American politicians frequently claimed in 2002 that Saddam Hussein’s Iraq was seeking to destabilize its neighbors.  Saddam reportedly had clandestine groups operating in neighboring Kuwait, in Saudi Arabia, and in the Palestinian territories.  The same claims are now made about Iran, that it controls militias in Iraq, is assisting the Taliban in Afghanistan, insurgents in Yemen and Saudi Arabia, Hezbollah in Lebanon, and Hamas in Gaza. It has been claimed that the Mullahs are "killing our soldiers" in Iraq and Afghanistan by providing weapons to the several insurgencies.  All such claims are either false or overstated.  Saddam, of course, had no international ambitions after his army was largely destroyed in 1991.  Iran understandably has concerns about what is going on along its borders and has relationships of various kinds with political groups and government leaders, but the claim that it controls proxies in many countries is greatly exaggerated.  The allegation that it is supplying weapons to insurgents is largely bogus, based on the capture of a small number of Iranian produced weapons that are marked in English rather than Farsi, suggesting that they come from the international arms market rather than from an Iranian arsenal.  Iran’s ability to destabilize an entire region is greatly exaggerated.  Ironically, it is the United States that is undeniably supporting armed insurgencies inside Iran including Baluchistan separatists and Arabs in the provinces bordering Iraq. 

In 2002-3 the neocons who were behind the Iraq war repeatedly claimed triumphantly that Iraq would be a military cakewalk.  The same claims are being made about Iran, i.e., that the vast US advantage in firepower would end the war quickly, with all of Iran’s known military and nuclear targets knocked out.  But the neocons were wrong about Iraq’s ability to resist unconventionally, resulting in the United States still maintaining a huge military presence in that unhappy land six years later.  Iran is even more formidable than Iraq, being physically larger and having had time and resources to prepare for an expected attack.  Since it holds the geographical center between US forces in Iraq and Afghanistan it is able to dictate events from its interior lines, using irregular forces to strike where it wants to and when it wants to.  It could easily cut the tenuous 344 mile long supply line for US troops in Iraq that snakes up from Kuwait.  It could close the Straits of Hormuz and, in the narrow and shallow waters of the Persian Gulf, it might even get lucky and hit a US aircraft carrier with one of its Chinese silkworm cruise missiles. It could quickly make the US position in both Afghanistan and Iraq untenable and send world oil prices soaring.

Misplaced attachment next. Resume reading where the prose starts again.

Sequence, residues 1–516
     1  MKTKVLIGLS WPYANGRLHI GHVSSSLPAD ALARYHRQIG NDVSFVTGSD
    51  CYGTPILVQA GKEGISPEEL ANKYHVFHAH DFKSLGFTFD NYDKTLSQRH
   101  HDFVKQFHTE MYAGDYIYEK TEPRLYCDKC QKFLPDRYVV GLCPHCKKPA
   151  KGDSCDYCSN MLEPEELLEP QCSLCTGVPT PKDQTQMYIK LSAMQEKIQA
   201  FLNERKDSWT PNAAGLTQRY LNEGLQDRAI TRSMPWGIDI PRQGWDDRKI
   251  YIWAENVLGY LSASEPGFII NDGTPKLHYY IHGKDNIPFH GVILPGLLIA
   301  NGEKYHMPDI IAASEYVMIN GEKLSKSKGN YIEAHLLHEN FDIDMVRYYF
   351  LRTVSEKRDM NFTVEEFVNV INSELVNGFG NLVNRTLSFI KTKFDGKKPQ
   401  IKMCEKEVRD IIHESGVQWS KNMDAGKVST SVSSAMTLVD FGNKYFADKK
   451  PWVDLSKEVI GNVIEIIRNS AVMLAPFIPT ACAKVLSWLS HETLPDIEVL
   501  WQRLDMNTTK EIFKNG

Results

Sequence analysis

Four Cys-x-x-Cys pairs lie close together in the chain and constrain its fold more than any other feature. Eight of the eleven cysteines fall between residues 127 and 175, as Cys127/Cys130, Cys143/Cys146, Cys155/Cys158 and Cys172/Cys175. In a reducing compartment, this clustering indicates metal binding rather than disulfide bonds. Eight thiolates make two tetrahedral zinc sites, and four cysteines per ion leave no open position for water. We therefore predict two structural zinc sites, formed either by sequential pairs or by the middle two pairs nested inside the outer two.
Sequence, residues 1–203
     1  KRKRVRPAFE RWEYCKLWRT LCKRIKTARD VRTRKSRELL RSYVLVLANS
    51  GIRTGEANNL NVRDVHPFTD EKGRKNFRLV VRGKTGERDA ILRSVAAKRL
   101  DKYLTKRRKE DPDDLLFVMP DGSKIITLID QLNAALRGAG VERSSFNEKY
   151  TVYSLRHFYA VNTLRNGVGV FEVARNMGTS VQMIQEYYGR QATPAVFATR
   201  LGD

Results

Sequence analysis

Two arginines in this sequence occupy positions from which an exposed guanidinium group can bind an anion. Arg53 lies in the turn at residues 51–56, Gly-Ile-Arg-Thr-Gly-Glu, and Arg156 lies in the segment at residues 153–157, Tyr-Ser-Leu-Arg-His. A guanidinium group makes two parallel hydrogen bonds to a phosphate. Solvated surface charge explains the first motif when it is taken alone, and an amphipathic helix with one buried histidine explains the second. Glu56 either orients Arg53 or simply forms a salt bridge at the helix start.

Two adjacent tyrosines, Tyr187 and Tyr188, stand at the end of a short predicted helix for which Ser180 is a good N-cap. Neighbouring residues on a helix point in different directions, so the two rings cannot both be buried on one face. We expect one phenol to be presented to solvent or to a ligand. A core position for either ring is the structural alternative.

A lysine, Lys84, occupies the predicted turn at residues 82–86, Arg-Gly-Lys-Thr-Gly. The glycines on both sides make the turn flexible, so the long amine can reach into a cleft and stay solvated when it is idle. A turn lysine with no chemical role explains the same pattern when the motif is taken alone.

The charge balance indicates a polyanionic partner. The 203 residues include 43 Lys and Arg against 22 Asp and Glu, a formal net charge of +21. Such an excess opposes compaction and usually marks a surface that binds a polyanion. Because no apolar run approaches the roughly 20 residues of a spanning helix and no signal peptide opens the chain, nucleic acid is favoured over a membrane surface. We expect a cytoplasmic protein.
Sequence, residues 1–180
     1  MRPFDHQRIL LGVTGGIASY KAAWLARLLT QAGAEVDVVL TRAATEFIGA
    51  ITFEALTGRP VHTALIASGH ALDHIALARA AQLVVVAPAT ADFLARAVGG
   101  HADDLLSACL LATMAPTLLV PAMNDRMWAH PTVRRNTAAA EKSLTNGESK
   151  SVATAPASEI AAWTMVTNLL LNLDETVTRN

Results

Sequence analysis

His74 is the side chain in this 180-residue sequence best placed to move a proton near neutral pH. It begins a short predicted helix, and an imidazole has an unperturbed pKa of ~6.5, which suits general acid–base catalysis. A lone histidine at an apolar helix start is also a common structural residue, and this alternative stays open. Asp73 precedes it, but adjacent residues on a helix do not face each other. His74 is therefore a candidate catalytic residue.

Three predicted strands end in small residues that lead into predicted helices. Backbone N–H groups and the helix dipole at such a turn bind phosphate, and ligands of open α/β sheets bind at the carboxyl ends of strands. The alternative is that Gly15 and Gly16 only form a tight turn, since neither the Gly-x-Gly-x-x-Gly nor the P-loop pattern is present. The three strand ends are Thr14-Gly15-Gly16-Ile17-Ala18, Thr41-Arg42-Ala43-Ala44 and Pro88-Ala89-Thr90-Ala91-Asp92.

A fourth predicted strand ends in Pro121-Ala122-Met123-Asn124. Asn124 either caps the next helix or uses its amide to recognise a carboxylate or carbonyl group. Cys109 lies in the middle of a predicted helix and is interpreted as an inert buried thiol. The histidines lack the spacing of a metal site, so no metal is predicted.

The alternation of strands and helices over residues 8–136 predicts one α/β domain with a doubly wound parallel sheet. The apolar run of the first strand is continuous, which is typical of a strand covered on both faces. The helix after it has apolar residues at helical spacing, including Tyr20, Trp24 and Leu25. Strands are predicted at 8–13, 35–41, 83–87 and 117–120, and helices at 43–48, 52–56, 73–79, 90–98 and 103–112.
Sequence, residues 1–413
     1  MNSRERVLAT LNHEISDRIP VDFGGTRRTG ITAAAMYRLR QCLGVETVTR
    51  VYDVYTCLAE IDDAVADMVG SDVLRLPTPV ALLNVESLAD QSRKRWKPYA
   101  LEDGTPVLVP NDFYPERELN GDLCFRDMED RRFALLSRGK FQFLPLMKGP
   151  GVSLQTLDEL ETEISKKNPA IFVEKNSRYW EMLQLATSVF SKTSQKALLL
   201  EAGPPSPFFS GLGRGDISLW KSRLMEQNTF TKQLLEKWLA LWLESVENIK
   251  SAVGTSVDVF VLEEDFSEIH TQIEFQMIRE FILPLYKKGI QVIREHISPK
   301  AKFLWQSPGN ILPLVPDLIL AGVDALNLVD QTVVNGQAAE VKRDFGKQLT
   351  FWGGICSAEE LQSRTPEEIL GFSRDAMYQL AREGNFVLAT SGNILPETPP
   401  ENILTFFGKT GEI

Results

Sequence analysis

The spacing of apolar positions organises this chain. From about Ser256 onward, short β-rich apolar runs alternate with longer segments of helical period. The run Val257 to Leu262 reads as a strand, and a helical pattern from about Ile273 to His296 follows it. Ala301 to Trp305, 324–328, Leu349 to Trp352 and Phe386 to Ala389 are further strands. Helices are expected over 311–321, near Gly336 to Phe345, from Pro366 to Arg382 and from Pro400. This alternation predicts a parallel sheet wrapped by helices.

Finally, one should recall that the bottom line justification for the war with Iraq was the repeated somewhat generic message that Iraq was a threat to the United States.  That message was deliberately fabricated and was known to be false by the criminals in the Bush Administration and the media who led the march to war.  That same song is being played again regarding Iran.  Iraq’s government in 2003 was in reality a threat to no one but the country’s own people.  Iran, troubled by a poor economy, political dissension, and civil unrest, is in no position to attack anyone.  If anything, its leadership might welcome an attack by Israel or the United States to unite its people against a foreign aggressor.  It would be the ultimate irony if a military attack by Israel or the US or a combination of the two were to accomplish little beyond strengthening Iran’s political conservatives and accelerating the drive to obtain a nuclear weapon for self defense.

Author: Philip Giraldi

Philip Giraldi, a former CIA officer, is a contributing editor to The American Conservative and executive director of the Council for the National Interest.